I’ve been thinking for the past couple of days about what makes discussing religion with people of other faiths so difficult. And I say this coming from a former Latter Day Saint perspective (which, really, is the sum of my religious knowledge and experience thus far). I imagine that the same problem can be found in many/some/all faiths, but I don’t know about those, so I can’t really speak of them. One of the troubles I’ve had when trying to explain why I no longer attend the Mormon church to a Mormon is the hidden assumptions in the premises of the Church.
I don’t say that to imply that the Church is being sinister; I don’t think that it is. But when you hear a Mormon describe the Church, it sounds completely logical. And the Mormon will think that it really is. But embedded in the logic are hidden assumptions that, should you take them away, make the logic a little less solid, make the footing a little less sure.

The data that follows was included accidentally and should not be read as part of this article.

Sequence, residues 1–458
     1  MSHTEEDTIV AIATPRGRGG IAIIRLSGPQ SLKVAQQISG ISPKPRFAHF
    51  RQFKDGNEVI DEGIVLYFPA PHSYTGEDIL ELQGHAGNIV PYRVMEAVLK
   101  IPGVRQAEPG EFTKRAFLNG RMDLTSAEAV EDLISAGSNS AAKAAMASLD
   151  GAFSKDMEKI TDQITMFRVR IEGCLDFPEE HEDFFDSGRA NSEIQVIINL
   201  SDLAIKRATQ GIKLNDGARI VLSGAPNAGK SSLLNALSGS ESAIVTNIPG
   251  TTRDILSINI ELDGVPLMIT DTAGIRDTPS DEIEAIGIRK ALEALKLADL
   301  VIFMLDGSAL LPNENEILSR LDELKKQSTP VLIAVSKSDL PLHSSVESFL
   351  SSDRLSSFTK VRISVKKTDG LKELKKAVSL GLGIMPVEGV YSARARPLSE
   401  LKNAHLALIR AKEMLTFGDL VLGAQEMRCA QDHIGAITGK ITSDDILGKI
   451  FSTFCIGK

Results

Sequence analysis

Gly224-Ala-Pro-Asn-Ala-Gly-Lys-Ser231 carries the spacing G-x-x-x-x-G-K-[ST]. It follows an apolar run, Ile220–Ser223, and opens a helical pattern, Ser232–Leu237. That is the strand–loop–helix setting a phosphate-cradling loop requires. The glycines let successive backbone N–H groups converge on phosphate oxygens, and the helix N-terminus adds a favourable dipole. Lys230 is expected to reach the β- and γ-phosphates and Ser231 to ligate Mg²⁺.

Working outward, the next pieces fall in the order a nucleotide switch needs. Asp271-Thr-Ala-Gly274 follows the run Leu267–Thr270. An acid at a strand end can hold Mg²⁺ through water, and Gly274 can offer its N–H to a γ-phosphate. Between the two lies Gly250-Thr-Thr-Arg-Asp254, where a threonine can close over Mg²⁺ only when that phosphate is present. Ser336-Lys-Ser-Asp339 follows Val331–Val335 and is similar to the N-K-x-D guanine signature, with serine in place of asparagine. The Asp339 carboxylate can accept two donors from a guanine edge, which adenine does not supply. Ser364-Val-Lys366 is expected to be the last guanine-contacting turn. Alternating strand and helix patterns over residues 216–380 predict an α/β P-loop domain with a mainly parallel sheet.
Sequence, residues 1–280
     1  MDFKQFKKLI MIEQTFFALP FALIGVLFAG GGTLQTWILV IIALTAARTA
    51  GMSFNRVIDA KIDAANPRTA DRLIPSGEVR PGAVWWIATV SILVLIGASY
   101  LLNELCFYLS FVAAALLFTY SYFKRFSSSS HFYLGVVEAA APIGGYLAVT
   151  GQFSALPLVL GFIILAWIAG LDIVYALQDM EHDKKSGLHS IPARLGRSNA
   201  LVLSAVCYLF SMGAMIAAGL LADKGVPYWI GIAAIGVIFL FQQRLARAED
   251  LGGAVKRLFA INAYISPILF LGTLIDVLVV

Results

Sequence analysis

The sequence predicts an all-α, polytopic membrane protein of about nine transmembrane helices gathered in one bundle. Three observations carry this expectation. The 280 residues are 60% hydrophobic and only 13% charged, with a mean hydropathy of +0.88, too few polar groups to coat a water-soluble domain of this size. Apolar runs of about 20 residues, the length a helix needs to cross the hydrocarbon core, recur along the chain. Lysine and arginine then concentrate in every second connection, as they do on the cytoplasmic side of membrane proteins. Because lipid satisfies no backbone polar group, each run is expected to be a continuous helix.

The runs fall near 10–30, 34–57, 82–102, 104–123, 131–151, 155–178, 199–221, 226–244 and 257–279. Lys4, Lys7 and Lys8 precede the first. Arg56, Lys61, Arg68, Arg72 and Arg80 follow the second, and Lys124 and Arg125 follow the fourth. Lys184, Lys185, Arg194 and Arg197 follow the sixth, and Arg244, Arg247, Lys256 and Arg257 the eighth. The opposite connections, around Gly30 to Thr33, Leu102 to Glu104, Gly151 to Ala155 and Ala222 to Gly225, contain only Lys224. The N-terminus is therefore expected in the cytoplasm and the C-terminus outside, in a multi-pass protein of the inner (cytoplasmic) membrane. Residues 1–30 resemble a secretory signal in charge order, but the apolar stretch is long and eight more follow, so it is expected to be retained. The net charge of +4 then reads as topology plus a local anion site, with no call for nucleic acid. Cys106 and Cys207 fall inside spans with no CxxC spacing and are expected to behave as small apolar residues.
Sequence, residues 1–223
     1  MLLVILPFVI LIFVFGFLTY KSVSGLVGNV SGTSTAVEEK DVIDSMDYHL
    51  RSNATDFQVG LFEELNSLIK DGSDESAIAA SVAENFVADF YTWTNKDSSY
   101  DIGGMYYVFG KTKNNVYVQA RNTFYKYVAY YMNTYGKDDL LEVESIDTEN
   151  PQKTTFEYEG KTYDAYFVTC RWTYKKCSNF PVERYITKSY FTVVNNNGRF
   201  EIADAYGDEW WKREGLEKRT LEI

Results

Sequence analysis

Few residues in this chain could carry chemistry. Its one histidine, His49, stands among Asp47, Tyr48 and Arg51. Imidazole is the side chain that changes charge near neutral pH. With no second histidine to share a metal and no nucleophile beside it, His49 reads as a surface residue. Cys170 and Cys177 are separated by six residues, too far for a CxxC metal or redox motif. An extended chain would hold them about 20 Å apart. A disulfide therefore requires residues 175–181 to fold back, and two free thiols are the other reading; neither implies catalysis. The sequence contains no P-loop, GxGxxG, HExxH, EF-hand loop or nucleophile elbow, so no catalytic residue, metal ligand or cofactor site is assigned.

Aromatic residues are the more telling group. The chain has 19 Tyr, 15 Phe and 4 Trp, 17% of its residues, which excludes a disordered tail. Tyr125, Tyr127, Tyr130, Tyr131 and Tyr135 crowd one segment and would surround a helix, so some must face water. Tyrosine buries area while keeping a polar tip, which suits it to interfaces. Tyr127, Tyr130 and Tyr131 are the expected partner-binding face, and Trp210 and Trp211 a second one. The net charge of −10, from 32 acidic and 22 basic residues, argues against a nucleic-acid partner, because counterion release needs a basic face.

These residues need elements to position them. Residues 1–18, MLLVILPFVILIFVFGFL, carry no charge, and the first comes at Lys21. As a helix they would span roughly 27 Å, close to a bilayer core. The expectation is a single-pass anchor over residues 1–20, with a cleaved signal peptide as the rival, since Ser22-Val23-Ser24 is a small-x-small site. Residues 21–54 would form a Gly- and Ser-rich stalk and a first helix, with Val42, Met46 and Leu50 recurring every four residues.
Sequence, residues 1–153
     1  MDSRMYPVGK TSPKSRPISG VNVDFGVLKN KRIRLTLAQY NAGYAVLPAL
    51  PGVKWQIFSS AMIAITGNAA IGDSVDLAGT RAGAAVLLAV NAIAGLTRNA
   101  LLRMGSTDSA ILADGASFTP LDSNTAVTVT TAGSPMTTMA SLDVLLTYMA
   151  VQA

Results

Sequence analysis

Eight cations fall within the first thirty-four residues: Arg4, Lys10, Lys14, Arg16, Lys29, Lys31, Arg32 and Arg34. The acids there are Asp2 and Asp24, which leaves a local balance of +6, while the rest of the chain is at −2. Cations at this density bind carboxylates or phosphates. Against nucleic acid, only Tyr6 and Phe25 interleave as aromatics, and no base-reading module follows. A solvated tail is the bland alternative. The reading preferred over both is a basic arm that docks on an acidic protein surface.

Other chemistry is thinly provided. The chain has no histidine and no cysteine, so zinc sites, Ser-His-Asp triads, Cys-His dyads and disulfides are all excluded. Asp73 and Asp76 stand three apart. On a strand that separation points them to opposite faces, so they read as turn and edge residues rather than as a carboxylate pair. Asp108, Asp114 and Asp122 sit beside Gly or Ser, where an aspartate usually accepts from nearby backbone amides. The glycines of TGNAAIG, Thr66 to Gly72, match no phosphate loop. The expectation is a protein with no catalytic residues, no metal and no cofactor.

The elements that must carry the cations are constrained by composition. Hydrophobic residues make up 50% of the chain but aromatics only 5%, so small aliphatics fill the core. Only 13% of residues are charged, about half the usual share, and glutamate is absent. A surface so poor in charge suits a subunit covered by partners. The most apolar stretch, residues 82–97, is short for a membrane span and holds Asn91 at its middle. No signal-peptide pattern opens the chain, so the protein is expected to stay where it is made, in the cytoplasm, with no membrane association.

For example, talking about the Trinity. The LDS Church believes that the Father, Son, and Holy Ghost are three distinct people, with three distinct physical bodies. So, when talking about the Trinity, a Mormon may not understand why someone could believe in anything else because, after all, it doesn’t make sense that Jesus could talk to and about his Father but still be the same person.
The hidden assumption there is that the Godhead each has a physical body. And the human understanding of what that physical body must entail. (The LDS Church teaches that they each have a perfect, exalted body) But if you don’t realize that you need to discuss the attributes of what makes up the Father, Son, and Holy Ghost, two parties to a conversation may walk away thinking that the other is bonkers… but neither is–each is just working with different assumptions.